The latest Micro Four Thirds camera has the fastest AF of any predecessor.
Lab And Field Testing
In our tests in the Pop Photo Lab, the GF1 outresolved the E-P1 and essentially tied it in color accuracy, but yielded more noise at higher ISOs. The GF1 just barely stayed out of Unacceptable range at ISO 800, while the E-P1 scored better than that at ISO 1600. And the GF1 tops out at ISO 3200, while the E-P1 extends up to ISO 6400. Both are quite noisy at their respective top sensitivities, but the GF1, more so.
Due to the way Micro Four Thirds cameras achieve autofocus, we cannot test their AF speed in our lab, only in the field. But, the GF1 focuses noticeably faster than the E-P1 and was able to focus in dimmer conditions in our field testing than the E-P1 could.
Noise issues aside, the GF1 was a pleasure to use and small enough to fit in a small messenger bag or backpack instead of a large camera bag. With the 20mm lens attached, it might flt in a midsized purse.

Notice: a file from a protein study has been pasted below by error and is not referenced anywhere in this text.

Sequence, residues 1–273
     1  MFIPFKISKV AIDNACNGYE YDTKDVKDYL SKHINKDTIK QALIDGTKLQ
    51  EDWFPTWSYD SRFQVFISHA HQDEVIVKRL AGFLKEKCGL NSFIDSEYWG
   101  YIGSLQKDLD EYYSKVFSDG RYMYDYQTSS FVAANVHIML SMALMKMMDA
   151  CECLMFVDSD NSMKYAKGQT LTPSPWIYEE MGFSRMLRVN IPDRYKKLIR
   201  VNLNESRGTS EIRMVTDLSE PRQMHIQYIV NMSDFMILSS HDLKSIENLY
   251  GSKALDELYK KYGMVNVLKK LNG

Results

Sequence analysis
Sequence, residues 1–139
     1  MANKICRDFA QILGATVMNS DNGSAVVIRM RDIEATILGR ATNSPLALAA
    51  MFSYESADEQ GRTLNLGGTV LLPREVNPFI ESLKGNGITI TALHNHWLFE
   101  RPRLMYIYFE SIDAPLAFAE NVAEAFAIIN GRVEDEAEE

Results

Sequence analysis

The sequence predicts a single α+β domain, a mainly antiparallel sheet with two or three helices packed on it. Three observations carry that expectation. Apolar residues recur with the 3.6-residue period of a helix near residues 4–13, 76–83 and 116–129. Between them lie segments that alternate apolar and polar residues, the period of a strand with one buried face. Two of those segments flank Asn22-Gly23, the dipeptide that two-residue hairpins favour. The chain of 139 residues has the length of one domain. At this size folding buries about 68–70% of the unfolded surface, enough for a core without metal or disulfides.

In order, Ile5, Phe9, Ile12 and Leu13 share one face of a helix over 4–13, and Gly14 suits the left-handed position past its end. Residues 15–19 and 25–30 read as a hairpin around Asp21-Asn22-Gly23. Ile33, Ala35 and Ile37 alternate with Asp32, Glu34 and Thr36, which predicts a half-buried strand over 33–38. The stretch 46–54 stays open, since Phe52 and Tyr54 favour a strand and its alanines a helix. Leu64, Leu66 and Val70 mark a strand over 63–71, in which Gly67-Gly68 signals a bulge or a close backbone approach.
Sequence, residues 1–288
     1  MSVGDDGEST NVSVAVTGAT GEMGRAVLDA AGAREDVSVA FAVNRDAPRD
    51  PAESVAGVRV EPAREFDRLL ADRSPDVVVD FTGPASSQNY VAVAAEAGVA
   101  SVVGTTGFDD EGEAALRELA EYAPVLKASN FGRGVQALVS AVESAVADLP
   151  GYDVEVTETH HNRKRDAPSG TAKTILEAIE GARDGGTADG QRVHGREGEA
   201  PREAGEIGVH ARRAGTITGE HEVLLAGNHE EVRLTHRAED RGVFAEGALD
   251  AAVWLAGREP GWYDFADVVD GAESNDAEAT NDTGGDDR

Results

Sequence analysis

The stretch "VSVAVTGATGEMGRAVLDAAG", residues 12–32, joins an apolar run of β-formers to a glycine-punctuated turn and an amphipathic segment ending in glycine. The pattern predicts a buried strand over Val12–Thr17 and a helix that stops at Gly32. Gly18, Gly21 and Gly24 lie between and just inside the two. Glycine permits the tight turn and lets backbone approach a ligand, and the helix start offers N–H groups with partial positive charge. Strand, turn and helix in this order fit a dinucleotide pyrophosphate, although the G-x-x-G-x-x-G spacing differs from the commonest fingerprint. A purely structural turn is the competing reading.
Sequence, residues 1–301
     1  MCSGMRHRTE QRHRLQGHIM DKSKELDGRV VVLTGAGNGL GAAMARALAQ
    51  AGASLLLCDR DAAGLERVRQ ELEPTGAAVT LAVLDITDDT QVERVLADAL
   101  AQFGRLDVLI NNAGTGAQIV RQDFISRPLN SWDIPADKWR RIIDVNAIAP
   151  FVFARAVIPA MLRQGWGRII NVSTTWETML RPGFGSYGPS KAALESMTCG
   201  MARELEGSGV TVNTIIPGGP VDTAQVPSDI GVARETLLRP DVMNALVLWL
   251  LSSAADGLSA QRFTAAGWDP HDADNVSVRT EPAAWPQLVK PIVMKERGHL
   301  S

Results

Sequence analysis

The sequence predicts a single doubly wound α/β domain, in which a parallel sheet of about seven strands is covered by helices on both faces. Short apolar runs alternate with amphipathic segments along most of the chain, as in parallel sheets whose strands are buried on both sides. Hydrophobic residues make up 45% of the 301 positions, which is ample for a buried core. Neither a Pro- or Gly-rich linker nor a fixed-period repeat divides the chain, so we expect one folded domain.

So if a DSLR is too big, and you want better image quality and higher-end controls than you can get in a compact, the Panasonic GF1 may be for you.
But up against the Olympus E-P1, it's tough to declare a winner. If you don't mind the E-P1's sluggish focus, you'll get less noise, plus sensor-shift image stabilization (Panasonic puts it in the lens). If you don't mind cranking up noise reduction and sacriflcing some of its higher resolving power, the GF1 will provide a more seamless shooting experience.